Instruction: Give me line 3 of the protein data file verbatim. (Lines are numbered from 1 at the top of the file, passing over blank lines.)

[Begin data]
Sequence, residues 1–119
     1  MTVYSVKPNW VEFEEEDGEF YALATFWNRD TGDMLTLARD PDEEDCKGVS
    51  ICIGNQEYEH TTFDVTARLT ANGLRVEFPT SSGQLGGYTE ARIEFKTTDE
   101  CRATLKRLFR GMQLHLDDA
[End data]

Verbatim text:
    51  ICIGNQEYEH TTFDVTARLT ANGLRVEFPT SSGQLGGYTE ARIEFKTTDE